Researchers wanted to sweep all the doubts away. They took into account that chocolate lovers might consume other healthy food too, as wine, fruits and vegetables. Or they might exercise more than others people do. So the observed positive effect might be ascribed to other factors but not to cocoa itself. "In order to avoid this- researcher says- we "adjusted" for all possible "confounding" parameters. But the beneficial effect of chocolate still remained and we do believe it is real".

"This study- says Licia Iacoviello, Head of the Laboratory of Genetic and Environmental Epidemiology at the Catholic University of Campobasso and responsible for the Moli-sani Project- is the first scientific outcome published from the Moli-sani Project. We consider this outcome as the beginning of a large se-ries of data which will give us an innovative view on how making prevention in everyday life, both against cardiovascular disease and tumors".

"Maybe- Giovanni de Gaetano, director of the Research Laboratories of the Catholic University of Cam-pobasso, adds - time has come to reconsider the Mediterranean diet pyramid and take the dark chocolate off the basket of sweets considered to be bad for our health".

Source: Catholic University

Explore further: Yoga big on West Coast, chiropractors popular in Midwest

add to favorites email to friend print save as pdf

Related Stories

Chocolate makes snails smarter

Sep 27, 2012

Chocolate isn't usually on the diet for snails, but when Lee Fruson and Ken Lukowiak from the University of Calgary, became curious about the effects of diet on memory, they decided to try a flavonoid from ...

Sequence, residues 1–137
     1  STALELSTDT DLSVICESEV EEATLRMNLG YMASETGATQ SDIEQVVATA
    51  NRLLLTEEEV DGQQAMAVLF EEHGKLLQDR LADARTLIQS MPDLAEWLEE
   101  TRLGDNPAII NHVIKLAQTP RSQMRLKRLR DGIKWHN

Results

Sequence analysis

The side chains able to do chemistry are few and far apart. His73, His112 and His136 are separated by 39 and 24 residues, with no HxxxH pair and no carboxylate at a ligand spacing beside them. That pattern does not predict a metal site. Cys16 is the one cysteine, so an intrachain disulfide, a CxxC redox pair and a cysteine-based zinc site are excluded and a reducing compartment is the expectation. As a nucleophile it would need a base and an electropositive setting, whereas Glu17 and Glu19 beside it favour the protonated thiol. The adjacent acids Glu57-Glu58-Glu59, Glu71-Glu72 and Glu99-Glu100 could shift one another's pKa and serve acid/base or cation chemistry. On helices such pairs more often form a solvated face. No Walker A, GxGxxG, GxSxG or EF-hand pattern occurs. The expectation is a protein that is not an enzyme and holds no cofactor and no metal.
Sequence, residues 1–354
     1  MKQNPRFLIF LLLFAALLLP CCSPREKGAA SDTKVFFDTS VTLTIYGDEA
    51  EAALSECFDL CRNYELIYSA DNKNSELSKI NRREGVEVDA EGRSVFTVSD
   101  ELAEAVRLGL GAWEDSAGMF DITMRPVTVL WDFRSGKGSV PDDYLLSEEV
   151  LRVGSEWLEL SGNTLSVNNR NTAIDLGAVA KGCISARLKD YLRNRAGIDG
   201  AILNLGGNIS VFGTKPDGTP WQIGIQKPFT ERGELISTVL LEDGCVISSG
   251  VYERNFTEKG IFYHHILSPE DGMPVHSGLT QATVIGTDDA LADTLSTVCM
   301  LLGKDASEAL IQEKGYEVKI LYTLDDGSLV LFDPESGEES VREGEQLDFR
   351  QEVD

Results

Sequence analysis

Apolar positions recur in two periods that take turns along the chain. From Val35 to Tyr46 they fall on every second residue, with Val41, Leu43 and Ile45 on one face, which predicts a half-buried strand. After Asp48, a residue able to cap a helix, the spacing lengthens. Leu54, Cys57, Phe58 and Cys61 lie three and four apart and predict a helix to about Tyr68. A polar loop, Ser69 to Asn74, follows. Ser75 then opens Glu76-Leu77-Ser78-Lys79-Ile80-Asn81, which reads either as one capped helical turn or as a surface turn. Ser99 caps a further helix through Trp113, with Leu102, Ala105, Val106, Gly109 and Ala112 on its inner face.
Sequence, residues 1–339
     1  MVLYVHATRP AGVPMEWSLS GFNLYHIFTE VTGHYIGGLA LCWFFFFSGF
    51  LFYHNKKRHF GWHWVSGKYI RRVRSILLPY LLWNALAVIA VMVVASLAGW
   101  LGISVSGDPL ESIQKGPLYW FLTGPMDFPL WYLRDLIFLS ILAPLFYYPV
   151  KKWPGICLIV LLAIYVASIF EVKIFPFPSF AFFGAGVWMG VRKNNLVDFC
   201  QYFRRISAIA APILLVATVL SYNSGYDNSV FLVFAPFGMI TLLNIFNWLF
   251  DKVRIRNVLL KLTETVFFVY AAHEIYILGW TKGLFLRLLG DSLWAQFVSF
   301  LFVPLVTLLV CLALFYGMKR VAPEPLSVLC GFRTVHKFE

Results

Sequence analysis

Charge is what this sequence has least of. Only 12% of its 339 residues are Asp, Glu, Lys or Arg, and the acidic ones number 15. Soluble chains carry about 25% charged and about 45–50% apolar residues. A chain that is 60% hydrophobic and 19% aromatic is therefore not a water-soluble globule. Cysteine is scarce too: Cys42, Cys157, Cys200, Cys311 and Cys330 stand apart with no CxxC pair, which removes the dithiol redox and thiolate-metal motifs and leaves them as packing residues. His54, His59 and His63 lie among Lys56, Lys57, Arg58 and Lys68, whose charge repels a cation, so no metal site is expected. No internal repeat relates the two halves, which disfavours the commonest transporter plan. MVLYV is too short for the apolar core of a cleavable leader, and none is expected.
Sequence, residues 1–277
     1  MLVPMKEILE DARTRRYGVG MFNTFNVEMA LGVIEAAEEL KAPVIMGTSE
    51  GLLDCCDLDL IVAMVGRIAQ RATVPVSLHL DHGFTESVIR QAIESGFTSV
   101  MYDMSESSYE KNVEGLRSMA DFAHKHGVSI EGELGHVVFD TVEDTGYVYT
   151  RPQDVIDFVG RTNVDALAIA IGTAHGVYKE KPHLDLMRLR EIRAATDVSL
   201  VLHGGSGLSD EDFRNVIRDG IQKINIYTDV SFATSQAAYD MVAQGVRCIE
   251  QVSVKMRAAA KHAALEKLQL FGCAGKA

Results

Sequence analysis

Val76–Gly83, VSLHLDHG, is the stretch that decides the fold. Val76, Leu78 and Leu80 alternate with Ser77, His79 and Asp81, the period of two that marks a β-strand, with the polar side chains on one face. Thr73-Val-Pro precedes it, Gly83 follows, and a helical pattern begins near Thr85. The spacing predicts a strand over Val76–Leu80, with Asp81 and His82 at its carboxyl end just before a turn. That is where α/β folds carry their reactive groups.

Sticking power of plant polyphenols used in new coatings

Aug 22, 2013

A simple kitchen sink experiment helped Northwestern University researchers discover that green tea leaves not only can be used to steep a good cup of tea, but they make an excellent antibacterial coating, too.

Something odd is happening with Namibia's weather

Sep 14, 2011

Something's up with the weather in Namibia, say geoscientists Kyle Nichols of Skidmore College in Saratoga Springs, N.Y., and Paul Bierman of the University of Vermont in Burlington, Vt.

How consumers discriminate

Aug 10, 2011

A forthcoming paper in the American Marketing Association's Journal of Marketing Research by Professor Sheena Iyengar, S.T. Lee Professor of Business, Management; Marco Bertini, Assistant Professor of Marketing at London ...

Recommended for you

US judge overturns state's abortion law (Update)

13 hours ago

A federal judge on Wednesday overturned a North Dakota law banning abortions when a fetal heartbeat can be detected, as early as six weeks into pregnancy and before many women know they're pregnant.

User comments : 0

More news stories

New clinical trial launched for advance lung cancer

Cancer Research UK is partnering with pharmaceutical companies AstraZeneca and Pfizer to create a pioneering clinical trial for patients with advanced lung cancer – marking a new era of research into personalised medicines ...

More vets turn to prosthetics to help legless pets

A 9-month-old boxer pup named Duncan barreled down a beach in Oregon, running full tilt on soft sand into YouTube history and showing more than 4 million viewers that he can revel in a good romp despite lacking ...